WINNIPEG -- The Canadian Museum for Human Rights (CMHR) has announced a new president and CEO, as it aims to rebuild and recover after a report revealed employees faced 'pervasive and systemic' racism and discrimination.

The museum announced Monday that Isha Khan, a human rights lawyer from Winnipeg, will take over the role starting August 17.

“I think the museum needs to rebuild some trust with its own staff, within its walls, but also beyond, because it is a place for community,” Khan told CTV News. “That was the mandate, and is the mandate, of the museum."

Khan’s term will last for five years.

"Isha Khan has the personal and professional experience to lead the organization through the necessary changes that are now underway," CMHR Board Chair Pauline Rafferty said in a statement. "Working closely with the CMHR Board of Trustees, she will ensure this important national museum meets the highest standards for inclusion, diversity and respect."

Khan’s appointment comes as the CMHR responds to an independent report into allegations of discrimination and racism at the museum was released last week.

The interim report found racism at the museum was “pervasive and systemic.”

Khan is not taking the report's findings lightly.

“I’m absolutely committed to making sure that this is a respectful, inclusive work environment,” she said. “That means I have to take some leadership at the top to ensure that people understand what human rights really are."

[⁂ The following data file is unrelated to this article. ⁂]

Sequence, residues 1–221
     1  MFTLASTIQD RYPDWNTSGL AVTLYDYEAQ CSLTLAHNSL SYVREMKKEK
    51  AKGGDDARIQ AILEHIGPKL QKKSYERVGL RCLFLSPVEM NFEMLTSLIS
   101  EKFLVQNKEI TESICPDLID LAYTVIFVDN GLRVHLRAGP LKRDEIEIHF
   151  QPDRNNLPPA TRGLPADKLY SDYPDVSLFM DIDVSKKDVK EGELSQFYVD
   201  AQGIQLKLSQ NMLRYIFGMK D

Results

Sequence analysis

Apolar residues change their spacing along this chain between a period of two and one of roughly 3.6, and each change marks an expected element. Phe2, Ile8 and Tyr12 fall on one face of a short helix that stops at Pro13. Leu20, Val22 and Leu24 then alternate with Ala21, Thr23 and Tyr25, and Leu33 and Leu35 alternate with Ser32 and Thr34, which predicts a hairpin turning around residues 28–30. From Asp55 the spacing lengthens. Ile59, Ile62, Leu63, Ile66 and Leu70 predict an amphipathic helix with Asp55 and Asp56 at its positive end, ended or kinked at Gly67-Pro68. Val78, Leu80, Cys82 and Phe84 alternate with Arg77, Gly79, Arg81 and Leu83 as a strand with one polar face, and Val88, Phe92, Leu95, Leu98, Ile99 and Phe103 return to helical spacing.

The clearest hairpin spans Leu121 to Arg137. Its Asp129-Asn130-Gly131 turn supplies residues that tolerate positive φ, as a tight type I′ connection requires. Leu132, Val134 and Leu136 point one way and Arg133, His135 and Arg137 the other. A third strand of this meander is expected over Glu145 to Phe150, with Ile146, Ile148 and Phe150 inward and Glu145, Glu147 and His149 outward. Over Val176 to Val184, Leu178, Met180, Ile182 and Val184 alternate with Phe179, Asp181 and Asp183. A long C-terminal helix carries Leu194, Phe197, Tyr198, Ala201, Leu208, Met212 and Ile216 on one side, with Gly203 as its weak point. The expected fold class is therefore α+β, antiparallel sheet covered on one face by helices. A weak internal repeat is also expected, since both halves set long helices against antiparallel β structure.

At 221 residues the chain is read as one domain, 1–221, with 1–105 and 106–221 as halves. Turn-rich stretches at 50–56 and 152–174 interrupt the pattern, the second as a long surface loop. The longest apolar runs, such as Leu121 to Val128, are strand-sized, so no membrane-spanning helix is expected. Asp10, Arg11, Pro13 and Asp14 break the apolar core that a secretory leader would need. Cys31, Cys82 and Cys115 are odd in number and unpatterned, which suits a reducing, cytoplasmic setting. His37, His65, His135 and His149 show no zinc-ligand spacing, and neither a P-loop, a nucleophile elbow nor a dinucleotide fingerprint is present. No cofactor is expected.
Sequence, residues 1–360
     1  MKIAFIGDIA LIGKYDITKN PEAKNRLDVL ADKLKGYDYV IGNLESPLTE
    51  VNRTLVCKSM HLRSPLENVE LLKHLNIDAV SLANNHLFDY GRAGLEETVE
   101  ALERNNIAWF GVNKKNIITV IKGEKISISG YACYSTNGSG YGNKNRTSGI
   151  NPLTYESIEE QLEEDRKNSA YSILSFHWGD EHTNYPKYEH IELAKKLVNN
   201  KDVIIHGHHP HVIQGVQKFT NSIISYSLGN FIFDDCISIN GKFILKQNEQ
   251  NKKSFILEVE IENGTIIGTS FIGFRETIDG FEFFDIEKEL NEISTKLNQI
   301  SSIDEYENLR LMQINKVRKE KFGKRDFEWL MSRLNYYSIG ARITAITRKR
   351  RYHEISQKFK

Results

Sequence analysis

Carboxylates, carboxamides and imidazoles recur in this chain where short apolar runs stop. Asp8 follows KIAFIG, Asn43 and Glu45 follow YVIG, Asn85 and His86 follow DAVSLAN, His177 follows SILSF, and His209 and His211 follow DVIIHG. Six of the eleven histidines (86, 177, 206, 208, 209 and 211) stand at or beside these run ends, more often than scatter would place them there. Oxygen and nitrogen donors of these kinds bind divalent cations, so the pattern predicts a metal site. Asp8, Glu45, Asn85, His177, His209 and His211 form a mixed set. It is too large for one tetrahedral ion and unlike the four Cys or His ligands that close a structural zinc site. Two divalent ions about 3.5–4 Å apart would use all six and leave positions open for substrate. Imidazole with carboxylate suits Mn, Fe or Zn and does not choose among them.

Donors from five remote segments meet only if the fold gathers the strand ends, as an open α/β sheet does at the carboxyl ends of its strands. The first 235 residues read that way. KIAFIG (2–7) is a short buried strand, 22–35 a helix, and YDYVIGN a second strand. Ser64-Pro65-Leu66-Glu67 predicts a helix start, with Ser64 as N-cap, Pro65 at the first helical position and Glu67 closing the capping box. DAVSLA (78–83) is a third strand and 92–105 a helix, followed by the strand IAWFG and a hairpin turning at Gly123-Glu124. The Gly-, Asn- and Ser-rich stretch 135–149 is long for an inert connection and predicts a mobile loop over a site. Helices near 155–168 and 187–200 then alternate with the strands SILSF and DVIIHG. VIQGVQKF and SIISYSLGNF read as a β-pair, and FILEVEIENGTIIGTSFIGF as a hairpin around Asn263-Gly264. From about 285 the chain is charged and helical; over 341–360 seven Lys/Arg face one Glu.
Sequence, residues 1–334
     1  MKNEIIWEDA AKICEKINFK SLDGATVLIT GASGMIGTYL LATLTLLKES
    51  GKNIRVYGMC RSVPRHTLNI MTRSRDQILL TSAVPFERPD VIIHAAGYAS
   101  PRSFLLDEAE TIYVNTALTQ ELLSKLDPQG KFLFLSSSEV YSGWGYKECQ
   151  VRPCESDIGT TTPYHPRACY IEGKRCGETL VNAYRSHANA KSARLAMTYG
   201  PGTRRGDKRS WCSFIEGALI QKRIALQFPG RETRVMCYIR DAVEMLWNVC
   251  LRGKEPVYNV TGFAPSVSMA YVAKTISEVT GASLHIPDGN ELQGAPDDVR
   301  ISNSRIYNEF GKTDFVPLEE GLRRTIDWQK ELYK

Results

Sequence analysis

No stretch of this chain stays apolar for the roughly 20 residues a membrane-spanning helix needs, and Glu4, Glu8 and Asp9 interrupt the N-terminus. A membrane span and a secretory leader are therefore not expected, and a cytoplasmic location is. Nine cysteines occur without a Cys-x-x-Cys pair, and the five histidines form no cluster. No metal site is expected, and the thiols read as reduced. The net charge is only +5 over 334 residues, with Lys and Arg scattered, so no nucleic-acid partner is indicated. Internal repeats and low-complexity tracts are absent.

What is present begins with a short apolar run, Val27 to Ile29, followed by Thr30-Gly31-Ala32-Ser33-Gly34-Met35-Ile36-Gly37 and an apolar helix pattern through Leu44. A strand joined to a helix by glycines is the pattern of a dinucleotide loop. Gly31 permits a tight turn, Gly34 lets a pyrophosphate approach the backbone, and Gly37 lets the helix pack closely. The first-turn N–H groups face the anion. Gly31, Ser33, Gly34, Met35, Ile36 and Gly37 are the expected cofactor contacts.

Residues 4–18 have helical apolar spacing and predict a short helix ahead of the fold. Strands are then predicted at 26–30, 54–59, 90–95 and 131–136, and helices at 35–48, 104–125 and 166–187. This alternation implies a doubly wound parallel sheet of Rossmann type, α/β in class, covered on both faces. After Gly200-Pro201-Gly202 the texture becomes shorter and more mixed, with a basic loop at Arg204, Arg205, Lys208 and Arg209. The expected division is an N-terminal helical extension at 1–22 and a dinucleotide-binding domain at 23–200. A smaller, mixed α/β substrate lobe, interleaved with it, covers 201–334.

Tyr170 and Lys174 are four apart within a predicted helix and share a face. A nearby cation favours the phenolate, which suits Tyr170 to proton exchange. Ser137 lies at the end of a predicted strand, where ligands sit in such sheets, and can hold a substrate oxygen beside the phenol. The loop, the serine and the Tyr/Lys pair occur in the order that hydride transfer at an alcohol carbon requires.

Allegations of discrimination were made public in June, causing the previous CEO John Young to step down before the end of his term. The museum also faced criticism after admitting it had censored LGBTQ2+ content during some school tours.

The museum closed for two days last week to allow staff to address the report.

Employees are optimistic, but want to see continued action.

“When it comes right down to it, there’s got to be constant communication, and basically some accountability for those who have allowed this to be able to taint this institution,” said Marianne Hladun, regional executive vice-president of the Public Service Alliance of Canada, which represents more than 100 CMHR employees.

For a public that may have lost faith in the museum, Khan had this to say.

“If you believe in human rights, and you think they’re important, and you believe in the mandate of this organization, then have hope that it can re-establish itself and do the work that it’s supposed to do,” she said.